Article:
By Ammu Kannampilly (AFP) – May 29, 2012
NEW DELHI — Literary tastes in India, as anywhere, change with the times, but one writer has never gone out of vogue: Ayn Rand -- the high priestess of free-market capitalism and unfettered individualism.
A marginal, and often derided literary figure in many other countries, Rand is a perennial presence on Indian bestseller lists and regularly name-checked on the "favourite author" list of influential Indians -- from company CEOs to Bollywood stars.
Until 2007, Indians conducted more Google searches for the Russian-American novelist than residents of any other country, and in recent years have ceded the top spot only to Americans.
Rand's rabid anti-statism and promotion of laissez-faire capitalism has long resonated with conservatives in the United States, where former Federal Reserve chairman Alan Greenspan numbers among her high-profile devotees.
She is currently championed by the right-wing Tea Party movement, whose members focus on her opposition to state welfare programmes, while selectively ignoring her staunch advocacy of abortion rights.
The historic and enduring popularity in India of Rand's seminal novels, "Atlas Shrugged" and "The Fountainhead," seems, at first glance, harder to explain.
Decades of quasi-socialist state planning dampened Indians' entrepreneurial spirit, and the economic liberalisation of the past 20 years has done little to promote the individual freedoms Rand held sacrosanct.
According to entrepreneur Monisha Singh, 43, Rand speaks to a part of the Indian psyche that has traditionally been denied its place or voice in society.
Singh, who picked up "The Fountainhead" when she was just 14, said reading Rand was "a rite of passage" among her contemporaries when she was young.
"The socio-cultural milieu in India was very conformist, and suddenly this voice emerges that challenges the established order, that celebrates individuality. It was very aspirational," she told AFP.
Three decades later, Singh believes Rand's work remains relevant.
"Indian society, despite economic growth, despite globalisation remains very conservative. So I think her work still resonates here, it provides a space for people to question the traditional order and be an individual," she said.
Pirated copies of Rand's novels are hawked by pavement booksellers in India's major cities and the country's leading online bookstore, Flipkart.com sells her books in multiple languages.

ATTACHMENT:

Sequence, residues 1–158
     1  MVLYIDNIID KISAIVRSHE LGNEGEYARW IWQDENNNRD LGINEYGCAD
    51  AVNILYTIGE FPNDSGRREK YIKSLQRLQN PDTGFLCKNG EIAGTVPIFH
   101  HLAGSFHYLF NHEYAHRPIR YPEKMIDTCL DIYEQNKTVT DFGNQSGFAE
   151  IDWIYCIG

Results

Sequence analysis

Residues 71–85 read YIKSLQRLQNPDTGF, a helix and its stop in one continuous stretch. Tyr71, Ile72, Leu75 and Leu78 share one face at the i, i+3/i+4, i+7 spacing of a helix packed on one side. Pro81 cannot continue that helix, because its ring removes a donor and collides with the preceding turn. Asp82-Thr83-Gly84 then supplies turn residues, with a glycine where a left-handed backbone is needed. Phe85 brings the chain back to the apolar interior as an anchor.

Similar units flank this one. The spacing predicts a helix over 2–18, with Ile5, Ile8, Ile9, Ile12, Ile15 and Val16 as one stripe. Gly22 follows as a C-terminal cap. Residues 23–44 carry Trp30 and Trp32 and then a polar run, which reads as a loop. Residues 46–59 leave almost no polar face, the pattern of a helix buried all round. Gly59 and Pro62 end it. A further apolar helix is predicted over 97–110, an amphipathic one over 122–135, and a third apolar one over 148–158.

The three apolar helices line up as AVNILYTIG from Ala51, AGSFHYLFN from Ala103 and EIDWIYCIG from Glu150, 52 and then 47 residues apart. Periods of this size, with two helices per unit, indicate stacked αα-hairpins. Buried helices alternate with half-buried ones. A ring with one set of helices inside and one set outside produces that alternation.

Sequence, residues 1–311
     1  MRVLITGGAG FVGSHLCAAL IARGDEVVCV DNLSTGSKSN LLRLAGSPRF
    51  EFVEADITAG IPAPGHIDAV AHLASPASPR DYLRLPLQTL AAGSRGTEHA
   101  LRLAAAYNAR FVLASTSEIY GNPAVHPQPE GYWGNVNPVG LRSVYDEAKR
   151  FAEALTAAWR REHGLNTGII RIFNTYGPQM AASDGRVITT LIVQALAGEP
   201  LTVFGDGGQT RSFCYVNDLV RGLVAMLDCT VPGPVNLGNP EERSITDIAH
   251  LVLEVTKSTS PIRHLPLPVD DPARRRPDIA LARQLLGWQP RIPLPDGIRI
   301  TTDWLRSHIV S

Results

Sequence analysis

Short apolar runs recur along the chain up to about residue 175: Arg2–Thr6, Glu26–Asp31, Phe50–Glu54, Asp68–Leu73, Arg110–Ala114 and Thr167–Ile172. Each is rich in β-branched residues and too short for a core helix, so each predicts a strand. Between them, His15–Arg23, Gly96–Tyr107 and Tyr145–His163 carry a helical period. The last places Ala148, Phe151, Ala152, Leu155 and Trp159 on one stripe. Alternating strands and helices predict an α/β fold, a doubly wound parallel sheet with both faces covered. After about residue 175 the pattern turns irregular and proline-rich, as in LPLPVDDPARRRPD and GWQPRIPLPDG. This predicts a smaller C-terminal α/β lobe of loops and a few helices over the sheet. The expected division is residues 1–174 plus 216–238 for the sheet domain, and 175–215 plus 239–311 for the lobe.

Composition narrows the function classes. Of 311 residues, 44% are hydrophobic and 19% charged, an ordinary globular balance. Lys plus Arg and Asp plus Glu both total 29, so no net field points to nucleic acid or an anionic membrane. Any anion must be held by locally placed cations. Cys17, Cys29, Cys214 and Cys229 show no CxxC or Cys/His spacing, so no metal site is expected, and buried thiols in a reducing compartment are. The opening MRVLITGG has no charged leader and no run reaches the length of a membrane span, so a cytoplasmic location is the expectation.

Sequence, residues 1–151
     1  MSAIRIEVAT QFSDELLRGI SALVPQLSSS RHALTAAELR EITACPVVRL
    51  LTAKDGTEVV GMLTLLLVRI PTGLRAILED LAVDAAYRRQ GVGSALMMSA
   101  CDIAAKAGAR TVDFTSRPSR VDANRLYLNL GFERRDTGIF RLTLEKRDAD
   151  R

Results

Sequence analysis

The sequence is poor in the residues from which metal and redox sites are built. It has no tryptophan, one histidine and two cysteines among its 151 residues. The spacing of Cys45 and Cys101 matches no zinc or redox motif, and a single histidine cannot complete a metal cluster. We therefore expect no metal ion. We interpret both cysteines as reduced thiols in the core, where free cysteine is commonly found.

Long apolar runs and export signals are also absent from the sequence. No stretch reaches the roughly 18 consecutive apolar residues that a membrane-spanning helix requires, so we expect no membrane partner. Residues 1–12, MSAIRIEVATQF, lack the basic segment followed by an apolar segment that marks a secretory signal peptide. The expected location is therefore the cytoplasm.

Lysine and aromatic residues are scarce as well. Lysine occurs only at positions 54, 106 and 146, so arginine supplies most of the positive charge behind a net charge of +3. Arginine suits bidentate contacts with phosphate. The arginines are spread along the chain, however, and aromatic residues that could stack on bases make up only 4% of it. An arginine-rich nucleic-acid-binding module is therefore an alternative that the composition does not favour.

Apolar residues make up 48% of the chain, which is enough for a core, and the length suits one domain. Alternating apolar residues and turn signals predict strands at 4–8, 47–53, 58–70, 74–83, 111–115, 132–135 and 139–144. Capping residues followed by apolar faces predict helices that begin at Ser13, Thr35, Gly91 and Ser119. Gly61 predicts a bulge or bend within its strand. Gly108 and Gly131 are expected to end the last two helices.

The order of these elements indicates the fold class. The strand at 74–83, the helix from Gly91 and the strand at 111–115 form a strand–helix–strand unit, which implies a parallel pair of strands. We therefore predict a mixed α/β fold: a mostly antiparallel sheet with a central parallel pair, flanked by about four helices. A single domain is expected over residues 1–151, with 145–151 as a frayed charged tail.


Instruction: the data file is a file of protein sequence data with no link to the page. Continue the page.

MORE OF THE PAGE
Although Flipkart.com would not reveal exact sales figures, Ankit Nagori, vice president for categories told AFP that Rand "consistently ranks amongst our top 20 writers, in terms of sales, across genres."
In south Delhi's busy Midland bookstore, 45-year-old Mirza Afsar Baig remembers the days when his father used to run the shop.
"Way back in 1973 I would see my dad working here and university students wandering in to buy her novels for 15 rupees (28 cents) each," he told AFP.
"Today, when I am running the place, she still sells in big numbers," he said.
Prominent Indian media commentator and brand management expert Suhel Seth believes Rand's anti-establishment message strikes a particular chord with modern, middle-class Indians frustrated by social constraints.
"Indians are still fighting for certain freedoms, their fight for individual rights is thwarted all the time, whether it is by the family structure, or by politicians," Seth told AFP.
"So it makes sense to me that Ayn Rand's popularity hasn't changed in all these years."
In some respects, that popularity taps into a nationwide fascination with inspirational and self-help literature.
In bookshops across India, shelves sag under the weight of tomes offering guidance on everything from making a fortune to holding a conversation.
After India's former president A.P.J. Abdul Kalam wrote a best-selling autobiography in 2000, he followed up with a series of motivational titles aimed at young readers.
"You Are Born to Blossom," "You Are Unique" and "Indomitable Spirit" are just some of the books written by the former head of state.
The taste for "inspirational" literature has even extended to Adolf Hitler's "Mein Kampf" -- popular in business student circles as a management strategy guide.
Novelist Shobhaa De recalled how Rand's books had acquired "a cult status" on university campuses some 40 years ago.
"As far as young Indians are concerned the cult has never ended."
"Her books are about idealism, heroism and corruption -- issues that are of particular interest to the young of India," De said.
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